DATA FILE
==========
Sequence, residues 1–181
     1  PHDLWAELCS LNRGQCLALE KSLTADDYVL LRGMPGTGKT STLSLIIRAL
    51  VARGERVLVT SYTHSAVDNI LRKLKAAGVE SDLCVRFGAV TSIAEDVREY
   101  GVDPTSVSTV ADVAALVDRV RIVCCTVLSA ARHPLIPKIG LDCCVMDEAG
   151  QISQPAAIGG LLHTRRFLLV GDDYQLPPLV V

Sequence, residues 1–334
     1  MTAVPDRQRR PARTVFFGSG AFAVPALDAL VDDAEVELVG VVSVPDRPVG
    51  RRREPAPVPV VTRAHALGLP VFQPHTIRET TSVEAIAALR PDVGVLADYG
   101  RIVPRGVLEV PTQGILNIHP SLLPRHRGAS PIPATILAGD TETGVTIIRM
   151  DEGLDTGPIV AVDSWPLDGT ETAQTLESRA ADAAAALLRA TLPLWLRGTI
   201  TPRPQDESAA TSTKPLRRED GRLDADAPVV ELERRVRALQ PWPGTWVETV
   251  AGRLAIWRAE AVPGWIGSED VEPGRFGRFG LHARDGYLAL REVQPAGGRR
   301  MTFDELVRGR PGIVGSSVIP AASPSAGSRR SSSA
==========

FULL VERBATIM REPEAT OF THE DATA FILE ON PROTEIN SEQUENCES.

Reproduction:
Sequence, residues 1–181
     1  PHDLWAELCS LNRGQCLALE KSLTADDYVL LRGMPGTGKT STLSLIIRAL
    51  VARGERVLVT SYTHSAVDNI LRKLKAAGVE SDLCVRFGAV TSIAEDVREY
   101  GVDPTSVSTV ADVAALVDRV RIVCCTVLSA ARHPLIPKIG LDCCVMDEAG
   151  QISQPAAIGG LLHTRRFLLV GDDYQLPPLV V

Sequence, residues 1–334
     1  MTAVPDRQRR PARTVFFGSG AFAVPALDAL VDDAEVELVG VVSVPDRPVG
    51  RRREPAPVPV VTRAHALGLP VFQPHTIRET TSVEAIAALR PDVGVLADYG
   101  RIVPRGVLEV PTQGILNIHP SLLPRHRGAS PIPATILAGD TETGVTIIRM
   151  DEGLDTGPIV AVDSWPLDGT ETAQTLESRA ADAAAALLRA TLPLWLRGTI
   201  TPRPQDESAA TSTKPLRRED GRLDADAPVV ELERRVRALQ PWPGTWVETV
   251  AGRLAIWRAE AVPGWIGSED VEPGRFGRFG LHARDGYLAL REVQPAGGRR
   301  MTFDELVRGR PGIVGSSVIP AASPSAGSRR SSSA